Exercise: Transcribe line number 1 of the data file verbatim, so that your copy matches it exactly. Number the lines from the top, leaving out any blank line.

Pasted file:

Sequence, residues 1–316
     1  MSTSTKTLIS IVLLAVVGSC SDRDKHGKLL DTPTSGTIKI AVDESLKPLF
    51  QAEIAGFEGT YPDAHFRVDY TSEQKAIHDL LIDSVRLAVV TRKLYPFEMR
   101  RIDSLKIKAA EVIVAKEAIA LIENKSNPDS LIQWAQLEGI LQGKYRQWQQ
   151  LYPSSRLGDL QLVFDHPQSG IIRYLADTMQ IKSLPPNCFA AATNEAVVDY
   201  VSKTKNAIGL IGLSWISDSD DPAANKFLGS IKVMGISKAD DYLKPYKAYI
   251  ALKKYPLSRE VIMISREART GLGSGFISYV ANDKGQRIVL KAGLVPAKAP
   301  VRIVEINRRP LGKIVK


Sequence, residues 1–316